Support for Families
Helping children to come back to school
Sharing worries: discuss the positive and negative things that have happened during the day. Together as a family can help to validate and normalise feelings.
Spending time together: to list worries and work through them one at a time enables us to organise thoughts and feel more in control.
Share ideas: Allowing your child to share 'their idea's' on what will help them, will make success more likely and build their independence.
Worse case scenario: Making a 'worse case scenario' plan together can help everyone to acknowledge challenges and feel supported with how to face them.
Heard and Valued: Work together with the education setting to make a plan for going back, trying to put some of the child's suggestions into place so that they feel 'heard and valued'.
Helping Children to Self-Regulate
Mindfulness: Practising mindful activities have been shown to help us feel calmer, find focus, accept kindness and to let go of worries.
Physical Health: Being activate, eating a nutritious diet and getting good sleep helps us to have more energy and feel more in control to manage big feelings.
Breathing: Controlling our breathing can have a positive impact on how the rest of our body feels.
Grounding: Take five minutes in the day to notice: What we can see, hear, smell, touch and taste.
The Outdoors: Spend time outside every day. Use the grounding techniques to connect ourselves with nature.
Helping children to get a better nights sleep
Conditions in the morning: At night where your child sleeps should be comfortable, quiet and dark. This sends sleep signals to your brain to wind down. In the morning open the curtains to help your child feel awake.
Routine: Encourage your child to go to bed and get up at the same time every day, aiming for 9-11 hours.
Relaxing: Good quality means falling asleep quickly, staying asleep and feeling less stress and higher energy the next day. Help your child relax by practising together tensing and relaxing your muscles from toes to head.
Big Feelings: At night-time are common and sometimes wake children up. However, if worries are affecting your child's sleep, writing them down and putting them in a jar to talk about during the day can be therapeutic...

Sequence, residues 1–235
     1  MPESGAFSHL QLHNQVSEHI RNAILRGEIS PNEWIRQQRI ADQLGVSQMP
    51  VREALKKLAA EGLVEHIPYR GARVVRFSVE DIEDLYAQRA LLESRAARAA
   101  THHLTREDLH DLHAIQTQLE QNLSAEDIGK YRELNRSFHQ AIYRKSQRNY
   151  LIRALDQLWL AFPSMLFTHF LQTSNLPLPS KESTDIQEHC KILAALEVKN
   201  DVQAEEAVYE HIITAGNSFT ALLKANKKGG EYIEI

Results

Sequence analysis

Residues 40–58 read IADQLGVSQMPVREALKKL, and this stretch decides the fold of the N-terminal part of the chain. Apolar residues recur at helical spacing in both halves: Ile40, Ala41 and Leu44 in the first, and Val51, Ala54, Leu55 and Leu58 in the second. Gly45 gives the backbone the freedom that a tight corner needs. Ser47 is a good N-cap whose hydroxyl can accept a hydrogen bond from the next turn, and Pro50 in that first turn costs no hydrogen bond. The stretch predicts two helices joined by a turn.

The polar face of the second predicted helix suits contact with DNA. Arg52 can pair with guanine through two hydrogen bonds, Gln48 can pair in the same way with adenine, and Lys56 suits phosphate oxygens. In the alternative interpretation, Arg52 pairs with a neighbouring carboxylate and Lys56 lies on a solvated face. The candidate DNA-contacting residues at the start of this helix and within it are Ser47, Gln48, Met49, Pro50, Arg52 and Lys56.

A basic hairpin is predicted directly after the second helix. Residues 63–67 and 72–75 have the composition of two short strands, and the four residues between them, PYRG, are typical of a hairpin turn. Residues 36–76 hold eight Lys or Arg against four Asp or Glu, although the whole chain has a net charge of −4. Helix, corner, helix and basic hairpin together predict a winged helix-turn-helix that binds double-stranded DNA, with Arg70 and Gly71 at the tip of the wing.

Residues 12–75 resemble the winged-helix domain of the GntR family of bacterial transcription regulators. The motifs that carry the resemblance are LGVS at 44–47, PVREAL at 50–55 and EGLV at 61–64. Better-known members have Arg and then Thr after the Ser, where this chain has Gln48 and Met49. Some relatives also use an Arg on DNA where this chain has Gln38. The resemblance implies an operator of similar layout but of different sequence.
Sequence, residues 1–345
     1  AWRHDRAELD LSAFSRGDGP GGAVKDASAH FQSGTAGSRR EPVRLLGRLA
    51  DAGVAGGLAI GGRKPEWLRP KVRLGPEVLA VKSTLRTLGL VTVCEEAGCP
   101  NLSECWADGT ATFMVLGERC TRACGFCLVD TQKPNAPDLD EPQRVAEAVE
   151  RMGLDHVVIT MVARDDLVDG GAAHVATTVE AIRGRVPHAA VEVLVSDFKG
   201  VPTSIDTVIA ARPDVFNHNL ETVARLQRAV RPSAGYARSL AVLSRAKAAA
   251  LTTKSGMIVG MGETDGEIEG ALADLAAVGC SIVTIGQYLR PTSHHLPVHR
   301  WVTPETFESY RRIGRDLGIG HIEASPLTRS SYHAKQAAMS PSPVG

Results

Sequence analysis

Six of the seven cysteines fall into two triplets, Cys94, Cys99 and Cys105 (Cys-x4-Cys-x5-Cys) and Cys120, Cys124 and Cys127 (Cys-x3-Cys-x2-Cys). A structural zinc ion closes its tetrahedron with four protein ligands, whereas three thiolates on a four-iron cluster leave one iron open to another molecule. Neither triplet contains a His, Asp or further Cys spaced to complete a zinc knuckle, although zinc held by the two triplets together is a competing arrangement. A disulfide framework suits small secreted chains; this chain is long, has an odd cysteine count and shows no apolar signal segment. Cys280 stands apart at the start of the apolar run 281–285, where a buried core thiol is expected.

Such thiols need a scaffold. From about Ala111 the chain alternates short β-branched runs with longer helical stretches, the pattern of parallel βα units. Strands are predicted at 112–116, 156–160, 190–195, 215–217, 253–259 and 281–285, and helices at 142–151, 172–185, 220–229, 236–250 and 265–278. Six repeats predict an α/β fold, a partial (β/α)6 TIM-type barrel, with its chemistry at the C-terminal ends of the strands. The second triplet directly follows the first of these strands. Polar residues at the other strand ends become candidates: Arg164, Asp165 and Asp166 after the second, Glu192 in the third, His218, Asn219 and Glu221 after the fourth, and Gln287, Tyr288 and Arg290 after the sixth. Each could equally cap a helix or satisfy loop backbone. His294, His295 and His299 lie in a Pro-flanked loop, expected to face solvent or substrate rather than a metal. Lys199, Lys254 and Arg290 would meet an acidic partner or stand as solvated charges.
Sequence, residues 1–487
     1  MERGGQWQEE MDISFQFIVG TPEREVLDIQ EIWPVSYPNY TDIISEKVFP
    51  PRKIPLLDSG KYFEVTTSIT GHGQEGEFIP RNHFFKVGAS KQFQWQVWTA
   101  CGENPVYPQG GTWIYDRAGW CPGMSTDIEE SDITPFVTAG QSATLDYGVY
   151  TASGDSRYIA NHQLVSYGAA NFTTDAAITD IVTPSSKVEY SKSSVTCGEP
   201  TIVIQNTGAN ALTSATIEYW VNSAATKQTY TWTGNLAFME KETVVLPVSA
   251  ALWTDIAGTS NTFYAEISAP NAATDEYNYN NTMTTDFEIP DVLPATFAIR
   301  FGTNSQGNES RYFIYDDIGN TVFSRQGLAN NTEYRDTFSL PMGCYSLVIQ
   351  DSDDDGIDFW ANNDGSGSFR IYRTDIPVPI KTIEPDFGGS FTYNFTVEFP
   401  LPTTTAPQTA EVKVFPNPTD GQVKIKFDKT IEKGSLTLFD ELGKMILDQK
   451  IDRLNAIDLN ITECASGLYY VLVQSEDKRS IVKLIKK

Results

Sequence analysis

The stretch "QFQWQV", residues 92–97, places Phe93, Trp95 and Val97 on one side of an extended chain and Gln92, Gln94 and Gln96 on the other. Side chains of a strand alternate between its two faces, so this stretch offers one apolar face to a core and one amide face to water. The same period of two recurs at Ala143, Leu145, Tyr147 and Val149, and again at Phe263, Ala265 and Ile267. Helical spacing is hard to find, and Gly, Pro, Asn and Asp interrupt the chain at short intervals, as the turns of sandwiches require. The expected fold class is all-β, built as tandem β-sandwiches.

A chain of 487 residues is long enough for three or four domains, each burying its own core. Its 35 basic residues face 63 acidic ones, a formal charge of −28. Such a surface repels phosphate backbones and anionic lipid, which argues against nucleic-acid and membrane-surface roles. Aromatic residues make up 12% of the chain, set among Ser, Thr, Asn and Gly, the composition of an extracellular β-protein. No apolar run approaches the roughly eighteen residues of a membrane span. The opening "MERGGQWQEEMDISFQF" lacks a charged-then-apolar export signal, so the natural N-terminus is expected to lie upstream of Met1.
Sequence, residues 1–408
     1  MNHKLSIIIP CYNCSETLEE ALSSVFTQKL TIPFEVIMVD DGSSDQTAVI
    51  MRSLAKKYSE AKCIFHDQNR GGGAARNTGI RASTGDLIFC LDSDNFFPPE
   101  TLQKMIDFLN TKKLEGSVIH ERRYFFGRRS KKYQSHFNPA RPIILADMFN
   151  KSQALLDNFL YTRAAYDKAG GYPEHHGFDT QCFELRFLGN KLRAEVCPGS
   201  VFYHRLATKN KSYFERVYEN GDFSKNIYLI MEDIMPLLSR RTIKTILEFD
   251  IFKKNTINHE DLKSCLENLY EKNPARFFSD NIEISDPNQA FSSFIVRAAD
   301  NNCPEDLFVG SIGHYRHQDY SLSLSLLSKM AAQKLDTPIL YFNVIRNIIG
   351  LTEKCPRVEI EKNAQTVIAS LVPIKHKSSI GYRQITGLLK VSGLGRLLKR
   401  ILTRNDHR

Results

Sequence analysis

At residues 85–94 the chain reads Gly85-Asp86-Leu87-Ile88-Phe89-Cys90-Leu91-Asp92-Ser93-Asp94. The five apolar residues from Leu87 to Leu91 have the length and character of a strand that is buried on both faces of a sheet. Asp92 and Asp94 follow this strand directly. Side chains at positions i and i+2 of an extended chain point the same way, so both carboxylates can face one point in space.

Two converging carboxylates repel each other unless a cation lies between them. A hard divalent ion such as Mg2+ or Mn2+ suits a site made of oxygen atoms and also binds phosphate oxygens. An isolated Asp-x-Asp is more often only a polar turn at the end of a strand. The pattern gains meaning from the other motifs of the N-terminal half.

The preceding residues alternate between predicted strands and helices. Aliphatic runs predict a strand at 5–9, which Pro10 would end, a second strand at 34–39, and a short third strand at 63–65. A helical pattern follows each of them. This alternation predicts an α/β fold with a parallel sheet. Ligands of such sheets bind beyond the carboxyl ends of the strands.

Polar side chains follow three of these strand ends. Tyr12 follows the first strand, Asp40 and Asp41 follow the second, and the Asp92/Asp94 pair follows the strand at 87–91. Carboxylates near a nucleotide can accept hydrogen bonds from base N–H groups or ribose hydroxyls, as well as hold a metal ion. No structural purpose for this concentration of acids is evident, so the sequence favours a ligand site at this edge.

Cooling: By keeping our bodies cool sends sleep signals to our brain. Try having a warm short shower or bath before bed and keeping the bedroom below 18°C.
Social Media Scrolling: Using your mobile or gaming in bed are habits to break, as the blue light and stimulating activity makes your sleep later, shorter and more disrupted.
Caffine: Limit any stimulating substances like coffee and energy drinks or bars and especially in the afternoons and evenings.
Supporting parents in children's challenging behaviour
Acknowledging... behaviour is communication. What might be happening for our children that they do not have the words for yet?
Noticing... our own feelings and levels of stress, can have a positive de-escalating effect for ourselves and our children.
Science... tells us that, at times of big feelings, we need to Find Calm in a way that works for us and child before we can safely explore what is behind the behaviour.
When we use a playful approach with curiosity acceptance and empathy, we increase our connection with our children.
Showing our child unconditional gestures of love such as doing something together or cooking a favourite meal, reminds them that they are always loved and that we are reaching out with no judgement or blame.
FREE (with access code: WOLSEY at: www.inourplace.co.uk) for residents in our area. There are courses for parents, carers and grandparents about children from bump to 19+ years.
Supporting parents to answer anxious questions
Taking a minute... for co-regulation will help you both feel calm: to put you in a better place to find answers to their questions.
Be Curious... It's okay to explore deeper to develop understanding. This can help you find ways to problem solve together.
Time to Talk... Setting aside time to check in and talk about feelings can reduce worries building up.
Facts not Fiction... Being open and honest will reduce your child needing to fill in the gaps with their own assumptions and catastrophising.
Aim to accept your child's questions, feelings or thoughts. Validate how they feel to show that you have heard them.